DP10434 Technology and the Changing Family: A Unified Model of Marriage, Divorce, Educational Attainment and Married Female Labor-Force Participation
|Author(s):||Jeremy Greenwood, Nezih Guner, Georgi Kocharkov, Cezar Santos|
|Publication Date:||February 2015|
|Keyword(s):||assortative mating, education, household production, inequality, marriage and divorce, married female labour supply|
|JEL(s):||E13, J12, J22, O11|
|Programme Areas:||International Macroeconomics, Labour Economics|
|Link to this Page:||www.cepr.org/active/publications/discussion_papers/dp.php?dpno=10434|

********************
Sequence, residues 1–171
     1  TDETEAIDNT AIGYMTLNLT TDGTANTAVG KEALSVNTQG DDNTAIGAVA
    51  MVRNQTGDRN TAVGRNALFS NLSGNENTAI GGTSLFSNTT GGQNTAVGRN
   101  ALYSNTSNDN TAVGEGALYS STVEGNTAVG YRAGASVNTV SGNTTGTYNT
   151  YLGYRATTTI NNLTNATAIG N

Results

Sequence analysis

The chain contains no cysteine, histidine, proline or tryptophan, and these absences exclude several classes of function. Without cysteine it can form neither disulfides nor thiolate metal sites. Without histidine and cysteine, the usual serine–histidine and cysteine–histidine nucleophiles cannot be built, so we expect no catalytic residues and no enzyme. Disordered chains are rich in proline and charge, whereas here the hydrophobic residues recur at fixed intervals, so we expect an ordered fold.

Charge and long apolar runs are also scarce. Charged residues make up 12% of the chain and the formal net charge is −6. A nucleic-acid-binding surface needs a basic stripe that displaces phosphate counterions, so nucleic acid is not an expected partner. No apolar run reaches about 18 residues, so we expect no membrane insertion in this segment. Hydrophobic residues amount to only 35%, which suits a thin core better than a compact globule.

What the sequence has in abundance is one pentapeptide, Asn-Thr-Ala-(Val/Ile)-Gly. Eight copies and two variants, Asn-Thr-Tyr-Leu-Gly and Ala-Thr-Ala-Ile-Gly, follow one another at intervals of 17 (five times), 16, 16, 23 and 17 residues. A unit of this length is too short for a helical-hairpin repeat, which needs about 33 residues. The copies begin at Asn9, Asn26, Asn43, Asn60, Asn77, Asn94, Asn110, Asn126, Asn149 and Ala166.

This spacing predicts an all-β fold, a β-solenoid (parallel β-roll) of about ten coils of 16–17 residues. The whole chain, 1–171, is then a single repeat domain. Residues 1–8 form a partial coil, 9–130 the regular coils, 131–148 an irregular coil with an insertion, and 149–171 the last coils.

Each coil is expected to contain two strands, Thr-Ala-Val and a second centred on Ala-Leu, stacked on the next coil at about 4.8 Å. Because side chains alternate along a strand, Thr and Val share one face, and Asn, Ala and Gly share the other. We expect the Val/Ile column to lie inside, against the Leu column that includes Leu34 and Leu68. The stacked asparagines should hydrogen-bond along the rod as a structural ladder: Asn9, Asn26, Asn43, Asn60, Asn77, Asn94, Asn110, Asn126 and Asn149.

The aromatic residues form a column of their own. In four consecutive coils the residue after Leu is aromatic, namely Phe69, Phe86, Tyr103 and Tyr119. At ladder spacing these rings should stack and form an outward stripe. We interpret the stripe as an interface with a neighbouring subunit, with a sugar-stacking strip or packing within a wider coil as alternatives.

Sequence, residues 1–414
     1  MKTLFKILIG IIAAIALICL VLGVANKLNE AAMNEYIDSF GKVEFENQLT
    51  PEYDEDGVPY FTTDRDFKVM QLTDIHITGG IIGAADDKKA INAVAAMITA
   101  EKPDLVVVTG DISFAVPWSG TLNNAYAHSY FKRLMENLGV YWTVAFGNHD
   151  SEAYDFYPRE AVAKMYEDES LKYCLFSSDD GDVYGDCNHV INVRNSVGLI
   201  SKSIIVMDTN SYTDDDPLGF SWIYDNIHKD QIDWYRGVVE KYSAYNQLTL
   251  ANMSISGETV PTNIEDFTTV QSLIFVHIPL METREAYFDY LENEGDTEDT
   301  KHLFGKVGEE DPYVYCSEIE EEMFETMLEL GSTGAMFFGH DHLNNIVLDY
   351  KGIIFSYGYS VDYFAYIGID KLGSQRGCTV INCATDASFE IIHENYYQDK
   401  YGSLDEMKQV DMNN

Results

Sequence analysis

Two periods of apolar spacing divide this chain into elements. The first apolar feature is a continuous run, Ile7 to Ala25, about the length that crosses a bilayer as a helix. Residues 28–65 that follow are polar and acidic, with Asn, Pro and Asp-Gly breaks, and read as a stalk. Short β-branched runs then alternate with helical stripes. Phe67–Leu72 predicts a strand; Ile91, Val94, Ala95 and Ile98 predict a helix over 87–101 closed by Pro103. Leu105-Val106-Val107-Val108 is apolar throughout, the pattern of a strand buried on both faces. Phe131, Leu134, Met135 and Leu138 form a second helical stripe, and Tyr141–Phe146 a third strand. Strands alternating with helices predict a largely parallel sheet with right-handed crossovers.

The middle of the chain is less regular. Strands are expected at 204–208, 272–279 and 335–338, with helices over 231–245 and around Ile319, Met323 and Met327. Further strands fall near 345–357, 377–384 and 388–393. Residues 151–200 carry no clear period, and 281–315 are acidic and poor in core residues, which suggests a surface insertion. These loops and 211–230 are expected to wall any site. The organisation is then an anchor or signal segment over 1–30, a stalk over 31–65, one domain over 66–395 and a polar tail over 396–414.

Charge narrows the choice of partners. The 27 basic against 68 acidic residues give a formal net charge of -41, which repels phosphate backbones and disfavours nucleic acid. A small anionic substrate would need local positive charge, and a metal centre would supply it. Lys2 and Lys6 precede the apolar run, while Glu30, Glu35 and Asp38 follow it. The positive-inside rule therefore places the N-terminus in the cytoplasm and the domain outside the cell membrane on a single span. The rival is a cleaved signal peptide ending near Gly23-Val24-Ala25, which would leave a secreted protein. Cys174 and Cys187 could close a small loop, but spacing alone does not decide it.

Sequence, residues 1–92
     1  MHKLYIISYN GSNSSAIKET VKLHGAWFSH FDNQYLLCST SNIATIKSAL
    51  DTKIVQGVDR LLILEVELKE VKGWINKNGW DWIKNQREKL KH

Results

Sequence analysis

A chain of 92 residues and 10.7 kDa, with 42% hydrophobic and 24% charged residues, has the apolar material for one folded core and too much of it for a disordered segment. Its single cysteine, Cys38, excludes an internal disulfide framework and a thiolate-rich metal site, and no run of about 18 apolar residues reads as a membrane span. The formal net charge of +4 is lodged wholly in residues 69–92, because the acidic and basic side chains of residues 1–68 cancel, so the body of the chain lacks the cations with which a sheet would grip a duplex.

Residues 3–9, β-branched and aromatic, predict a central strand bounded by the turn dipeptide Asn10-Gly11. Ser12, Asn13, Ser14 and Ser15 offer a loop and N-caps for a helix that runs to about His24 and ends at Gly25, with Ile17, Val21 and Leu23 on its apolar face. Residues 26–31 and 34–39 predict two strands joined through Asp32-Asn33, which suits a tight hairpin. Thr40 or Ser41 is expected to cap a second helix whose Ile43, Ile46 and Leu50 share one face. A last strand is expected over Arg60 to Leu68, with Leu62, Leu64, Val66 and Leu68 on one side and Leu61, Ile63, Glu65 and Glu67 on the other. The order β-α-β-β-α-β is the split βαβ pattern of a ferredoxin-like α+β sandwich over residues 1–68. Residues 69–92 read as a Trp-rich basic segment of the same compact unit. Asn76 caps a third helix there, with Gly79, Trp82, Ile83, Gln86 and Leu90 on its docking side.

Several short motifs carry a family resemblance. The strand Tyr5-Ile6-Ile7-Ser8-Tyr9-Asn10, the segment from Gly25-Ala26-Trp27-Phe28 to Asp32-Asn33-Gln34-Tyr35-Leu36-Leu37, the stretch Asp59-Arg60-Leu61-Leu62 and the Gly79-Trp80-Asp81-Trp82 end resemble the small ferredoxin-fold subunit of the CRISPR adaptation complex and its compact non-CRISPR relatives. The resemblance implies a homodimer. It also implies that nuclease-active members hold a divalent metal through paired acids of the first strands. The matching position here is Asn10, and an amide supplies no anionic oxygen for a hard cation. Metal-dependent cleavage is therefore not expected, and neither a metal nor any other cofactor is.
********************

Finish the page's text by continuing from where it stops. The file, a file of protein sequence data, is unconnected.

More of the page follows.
Marriage has declined since 1960, with the drop being bigger for non-college educated individuals versus college educated ones. Divorce has increased, more so for the non-college educated. Additionally, positive assortative mating has risen. Income inequality among households has also widened. A unified model of marriage, divorce, educational attainment and married female labor-force participation is developed and estimated to fit the postwar U.S. data. Two underlying driving forces are considered: technological progress in the household sector and shifts in the wage structure. The analysis emphasizes the joint role that educational attainment, married female labor-force participation, and assortative mating play in determining income inequality.